“I don’t believe anyone should be forced to put their lives and health at risk,” Newsom said. “If people feel their lives and health is being put at risk, it is incumbent on us to call that out.”

San Jose Unified officials want teachers to work from their classrooms so they have a steady Wi-Fi connection, tech support and access to classroom materials. They also believe it will help create a more consistent learning environment for students by allowing them to see their classrooms even if they aren’t on campus, said Stephen McMahon, deputy superintendent of San Jose Unified.

For CapRadio, Sarah Bohannon and Nina Sparling report that in rural California with spotty cell and Internet connections, students are turning to parking lots near WiFi connections.

Poll position: In the Chron, Phil Matier writes up a new poll on partisan attitudes in the pandemic:

California voters at all levels are anxious about fallout from the coronavirus pandemic, especially the economic impacts, according to a new statewide poll by FM3 Research and Baughman Merrill.

Respondents described themselves as feeling “fearful, anxious, depressed or worried” when it came to the coronavirus pandemic with 89% saying the economic impacts of the virus are an “extremely” or “very serious problem.”

Economic anxiety runs across party lines, with 91% of Democrats, 90% of independents and 83% of Republicans expressing concern. A majority of those surveyed also believe the economic downturn will last up to two years.

“Concern about the economic impacts is broad, strong and completely bipartisan,” pollster Dave Metz said.

But when it comes to health impacts of the virus, partisan politics come back into play.

Nearly three-quarters of the 1,026 likely voters surveyed said the health impacts of the virus are either an extremely or very serious problem — that broke down to 92% of Democrats and 75% of independents, but just 40% of Republicans.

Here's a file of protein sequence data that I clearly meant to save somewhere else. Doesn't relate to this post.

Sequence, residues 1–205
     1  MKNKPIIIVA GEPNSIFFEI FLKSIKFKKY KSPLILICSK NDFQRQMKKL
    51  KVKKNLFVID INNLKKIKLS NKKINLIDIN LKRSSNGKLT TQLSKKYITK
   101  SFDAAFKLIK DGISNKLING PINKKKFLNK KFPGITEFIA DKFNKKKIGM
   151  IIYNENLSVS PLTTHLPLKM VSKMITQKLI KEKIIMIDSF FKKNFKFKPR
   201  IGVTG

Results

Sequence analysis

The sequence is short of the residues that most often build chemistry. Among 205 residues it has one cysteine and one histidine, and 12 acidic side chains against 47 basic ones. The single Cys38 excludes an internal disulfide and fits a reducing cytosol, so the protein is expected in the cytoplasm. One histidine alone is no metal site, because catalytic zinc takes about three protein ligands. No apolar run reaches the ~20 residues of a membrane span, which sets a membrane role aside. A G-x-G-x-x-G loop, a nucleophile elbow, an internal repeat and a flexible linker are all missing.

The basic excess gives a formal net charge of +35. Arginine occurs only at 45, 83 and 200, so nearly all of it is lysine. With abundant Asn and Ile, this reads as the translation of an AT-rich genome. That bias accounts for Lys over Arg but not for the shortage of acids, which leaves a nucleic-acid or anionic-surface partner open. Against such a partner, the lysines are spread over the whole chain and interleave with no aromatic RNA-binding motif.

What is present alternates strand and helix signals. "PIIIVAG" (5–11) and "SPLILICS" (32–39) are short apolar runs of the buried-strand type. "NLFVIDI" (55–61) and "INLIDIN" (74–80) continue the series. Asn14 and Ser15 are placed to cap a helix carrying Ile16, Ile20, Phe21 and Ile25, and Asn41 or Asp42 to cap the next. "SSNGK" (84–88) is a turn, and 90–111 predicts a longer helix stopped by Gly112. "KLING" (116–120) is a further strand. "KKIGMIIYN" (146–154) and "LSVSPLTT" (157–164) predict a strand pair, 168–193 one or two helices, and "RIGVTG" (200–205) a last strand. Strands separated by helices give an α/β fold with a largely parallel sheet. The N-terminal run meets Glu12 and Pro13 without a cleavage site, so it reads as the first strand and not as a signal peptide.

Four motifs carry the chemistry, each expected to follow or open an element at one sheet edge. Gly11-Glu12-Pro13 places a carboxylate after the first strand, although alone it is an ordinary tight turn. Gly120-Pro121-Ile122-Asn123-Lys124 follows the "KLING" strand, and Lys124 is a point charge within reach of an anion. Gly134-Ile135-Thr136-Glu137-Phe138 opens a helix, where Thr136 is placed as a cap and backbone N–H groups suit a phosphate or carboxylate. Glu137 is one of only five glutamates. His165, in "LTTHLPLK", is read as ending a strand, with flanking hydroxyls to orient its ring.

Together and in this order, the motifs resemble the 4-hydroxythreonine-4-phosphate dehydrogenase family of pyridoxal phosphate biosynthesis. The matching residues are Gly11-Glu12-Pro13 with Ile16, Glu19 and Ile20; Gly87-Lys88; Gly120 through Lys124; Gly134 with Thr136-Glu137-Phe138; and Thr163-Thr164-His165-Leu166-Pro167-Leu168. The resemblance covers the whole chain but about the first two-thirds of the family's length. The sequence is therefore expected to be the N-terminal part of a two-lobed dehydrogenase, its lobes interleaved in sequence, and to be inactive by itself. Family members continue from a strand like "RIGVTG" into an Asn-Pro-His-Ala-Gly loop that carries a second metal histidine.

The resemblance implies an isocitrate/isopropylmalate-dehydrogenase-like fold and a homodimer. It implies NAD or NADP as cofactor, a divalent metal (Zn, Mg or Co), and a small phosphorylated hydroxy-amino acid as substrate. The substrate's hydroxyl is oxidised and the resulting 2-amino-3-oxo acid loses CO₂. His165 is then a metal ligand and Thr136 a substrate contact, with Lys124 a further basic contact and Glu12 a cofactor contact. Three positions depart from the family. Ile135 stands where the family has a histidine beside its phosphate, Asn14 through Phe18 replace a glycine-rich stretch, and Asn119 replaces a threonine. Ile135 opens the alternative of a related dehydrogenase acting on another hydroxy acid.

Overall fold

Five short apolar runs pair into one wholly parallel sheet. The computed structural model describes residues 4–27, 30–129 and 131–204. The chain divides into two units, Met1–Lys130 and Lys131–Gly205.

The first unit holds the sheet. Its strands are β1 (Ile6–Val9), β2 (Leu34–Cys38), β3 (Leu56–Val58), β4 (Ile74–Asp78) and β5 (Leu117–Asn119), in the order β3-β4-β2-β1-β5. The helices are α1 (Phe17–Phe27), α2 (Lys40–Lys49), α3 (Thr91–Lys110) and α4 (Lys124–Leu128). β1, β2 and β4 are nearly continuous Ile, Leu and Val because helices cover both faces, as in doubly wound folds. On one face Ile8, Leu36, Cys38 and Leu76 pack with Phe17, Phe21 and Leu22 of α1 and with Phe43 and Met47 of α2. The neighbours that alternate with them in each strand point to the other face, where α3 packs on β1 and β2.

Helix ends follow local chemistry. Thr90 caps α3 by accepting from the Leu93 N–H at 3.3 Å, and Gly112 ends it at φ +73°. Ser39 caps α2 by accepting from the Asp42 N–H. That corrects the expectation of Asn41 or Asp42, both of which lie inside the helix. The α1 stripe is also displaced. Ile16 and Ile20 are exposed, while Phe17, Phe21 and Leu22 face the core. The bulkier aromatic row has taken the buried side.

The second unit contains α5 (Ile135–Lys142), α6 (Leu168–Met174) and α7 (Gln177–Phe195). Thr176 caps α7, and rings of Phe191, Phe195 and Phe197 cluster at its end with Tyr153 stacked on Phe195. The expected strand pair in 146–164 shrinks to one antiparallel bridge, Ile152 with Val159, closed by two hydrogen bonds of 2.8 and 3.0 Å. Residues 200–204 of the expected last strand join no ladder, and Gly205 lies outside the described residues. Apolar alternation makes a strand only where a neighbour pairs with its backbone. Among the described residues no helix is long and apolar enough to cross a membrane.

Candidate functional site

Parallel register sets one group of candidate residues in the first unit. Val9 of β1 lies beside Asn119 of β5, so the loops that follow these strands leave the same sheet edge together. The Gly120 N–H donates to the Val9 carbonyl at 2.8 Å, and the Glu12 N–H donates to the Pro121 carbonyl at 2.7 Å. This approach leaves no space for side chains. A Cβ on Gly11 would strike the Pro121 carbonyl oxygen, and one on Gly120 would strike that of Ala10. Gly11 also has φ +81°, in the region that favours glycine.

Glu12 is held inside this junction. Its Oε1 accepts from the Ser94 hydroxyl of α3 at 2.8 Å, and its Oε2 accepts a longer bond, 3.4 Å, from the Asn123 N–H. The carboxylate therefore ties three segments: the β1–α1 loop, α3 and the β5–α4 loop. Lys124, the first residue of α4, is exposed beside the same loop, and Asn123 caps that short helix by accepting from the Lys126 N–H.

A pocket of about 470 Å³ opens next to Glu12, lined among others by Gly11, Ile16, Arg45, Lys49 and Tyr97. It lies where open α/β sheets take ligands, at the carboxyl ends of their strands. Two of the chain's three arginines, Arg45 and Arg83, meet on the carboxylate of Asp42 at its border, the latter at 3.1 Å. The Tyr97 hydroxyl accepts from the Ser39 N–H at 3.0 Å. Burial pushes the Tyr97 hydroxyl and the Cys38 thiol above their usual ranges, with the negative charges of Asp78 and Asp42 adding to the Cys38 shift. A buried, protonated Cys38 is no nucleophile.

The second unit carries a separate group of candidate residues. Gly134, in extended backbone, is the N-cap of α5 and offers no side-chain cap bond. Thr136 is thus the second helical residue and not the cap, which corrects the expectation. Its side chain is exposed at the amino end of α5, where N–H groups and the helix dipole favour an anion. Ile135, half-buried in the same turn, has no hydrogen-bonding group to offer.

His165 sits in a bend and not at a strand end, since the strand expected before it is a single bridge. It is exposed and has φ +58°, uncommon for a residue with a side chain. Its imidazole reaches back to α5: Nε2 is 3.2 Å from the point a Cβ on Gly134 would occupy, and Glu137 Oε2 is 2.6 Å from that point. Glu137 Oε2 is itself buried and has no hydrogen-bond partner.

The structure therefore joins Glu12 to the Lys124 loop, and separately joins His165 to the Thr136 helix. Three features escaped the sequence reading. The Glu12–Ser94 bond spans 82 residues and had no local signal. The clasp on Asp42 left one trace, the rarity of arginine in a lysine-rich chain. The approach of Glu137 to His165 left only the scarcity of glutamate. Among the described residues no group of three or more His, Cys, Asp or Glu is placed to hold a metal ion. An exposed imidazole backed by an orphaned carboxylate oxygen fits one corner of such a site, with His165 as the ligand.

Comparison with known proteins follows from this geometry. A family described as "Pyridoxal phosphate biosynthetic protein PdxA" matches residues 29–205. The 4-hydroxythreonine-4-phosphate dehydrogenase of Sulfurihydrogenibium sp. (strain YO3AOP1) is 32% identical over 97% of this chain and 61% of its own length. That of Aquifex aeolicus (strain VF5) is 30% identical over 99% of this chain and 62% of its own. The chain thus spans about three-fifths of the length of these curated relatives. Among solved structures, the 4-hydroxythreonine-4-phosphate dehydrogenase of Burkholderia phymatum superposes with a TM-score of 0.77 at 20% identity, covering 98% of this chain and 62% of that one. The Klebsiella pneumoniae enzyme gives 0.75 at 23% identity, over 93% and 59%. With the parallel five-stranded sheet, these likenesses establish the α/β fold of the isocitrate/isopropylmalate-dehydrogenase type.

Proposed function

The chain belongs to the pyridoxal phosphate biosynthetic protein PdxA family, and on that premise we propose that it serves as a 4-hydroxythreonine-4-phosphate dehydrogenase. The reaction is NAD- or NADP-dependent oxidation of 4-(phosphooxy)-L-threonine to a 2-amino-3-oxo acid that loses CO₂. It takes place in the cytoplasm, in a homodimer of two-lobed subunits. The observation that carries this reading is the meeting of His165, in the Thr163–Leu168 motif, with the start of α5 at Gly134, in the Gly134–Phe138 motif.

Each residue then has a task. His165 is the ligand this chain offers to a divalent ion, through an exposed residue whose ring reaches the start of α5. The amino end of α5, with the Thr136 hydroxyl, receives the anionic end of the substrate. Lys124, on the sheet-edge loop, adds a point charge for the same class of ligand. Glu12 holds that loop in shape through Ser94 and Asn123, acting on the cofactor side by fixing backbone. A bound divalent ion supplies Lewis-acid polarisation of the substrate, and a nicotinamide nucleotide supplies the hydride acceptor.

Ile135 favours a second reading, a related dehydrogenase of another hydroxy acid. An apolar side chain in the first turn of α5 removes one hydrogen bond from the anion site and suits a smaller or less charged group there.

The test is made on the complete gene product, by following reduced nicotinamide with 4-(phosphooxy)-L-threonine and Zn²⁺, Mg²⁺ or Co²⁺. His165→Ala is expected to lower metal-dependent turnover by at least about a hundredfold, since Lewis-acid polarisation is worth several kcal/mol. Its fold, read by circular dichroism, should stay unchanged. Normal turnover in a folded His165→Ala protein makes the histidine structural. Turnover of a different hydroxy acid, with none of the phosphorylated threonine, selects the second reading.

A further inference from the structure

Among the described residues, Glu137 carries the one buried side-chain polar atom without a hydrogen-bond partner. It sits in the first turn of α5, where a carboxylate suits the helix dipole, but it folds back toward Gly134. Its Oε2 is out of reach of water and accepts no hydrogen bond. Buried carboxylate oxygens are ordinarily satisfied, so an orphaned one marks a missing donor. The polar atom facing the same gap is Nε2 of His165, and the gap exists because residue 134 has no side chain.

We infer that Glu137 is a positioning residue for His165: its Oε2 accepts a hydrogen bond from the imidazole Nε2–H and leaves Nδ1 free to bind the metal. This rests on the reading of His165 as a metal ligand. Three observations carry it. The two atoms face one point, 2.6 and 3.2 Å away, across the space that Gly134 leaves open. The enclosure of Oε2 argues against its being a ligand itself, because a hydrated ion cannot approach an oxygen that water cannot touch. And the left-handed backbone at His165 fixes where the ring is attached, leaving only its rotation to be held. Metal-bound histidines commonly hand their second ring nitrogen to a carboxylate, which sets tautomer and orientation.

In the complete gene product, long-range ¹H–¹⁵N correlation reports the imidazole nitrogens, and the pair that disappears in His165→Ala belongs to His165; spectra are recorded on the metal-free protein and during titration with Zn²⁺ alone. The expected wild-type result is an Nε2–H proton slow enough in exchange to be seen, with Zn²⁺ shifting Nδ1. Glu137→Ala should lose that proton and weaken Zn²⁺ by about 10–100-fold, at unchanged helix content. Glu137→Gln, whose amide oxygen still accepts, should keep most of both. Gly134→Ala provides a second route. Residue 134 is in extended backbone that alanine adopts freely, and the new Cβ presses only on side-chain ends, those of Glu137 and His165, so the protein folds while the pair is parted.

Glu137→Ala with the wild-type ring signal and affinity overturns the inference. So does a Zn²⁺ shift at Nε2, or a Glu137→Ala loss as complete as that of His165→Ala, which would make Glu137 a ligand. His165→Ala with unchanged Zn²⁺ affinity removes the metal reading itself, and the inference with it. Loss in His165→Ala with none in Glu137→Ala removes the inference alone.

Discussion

SB 793 (Hill): Flavored tobacco products.  In a marathon hearing yesterday, Assembly Health approved SB 793 on a 10-2 vote. Members Chad Mayes (NPP), James Ramos (D), and Marie Waldron abstained from the vote and others indicated they would like further changes and didn't commit to voting for it on the Assembly Floor.

The bill moves on to Assembly Appropriations and the Assembly Floor, and then back to the Senate Floor for concurrence in Assembly amendments. The hearing had over 200 callers in support and around 50 in opposition.  Amendments were agreed to yesterday to exempt loose-leaf tobacco and premium cigars citing that minors rarely use these products.

This morning's marathon hearing was in Senate Natural Resources and Water, which is hearing AB 345 (Muratsuchi), which would require setbacks of oil and gas facilities schools, parks, and other public facilities where children are present. There were 400 people in the queue and more joining.

BOARD DIVERSITY: CalMatters's Elizabeth Castillo writes up AB 979 (Holden and Garcia), which would ban all-white corporate boards and follows a successful 2018 effort banning single-gender boards. The bill is up in Senate Banking and Financial Institutions next Tuesday.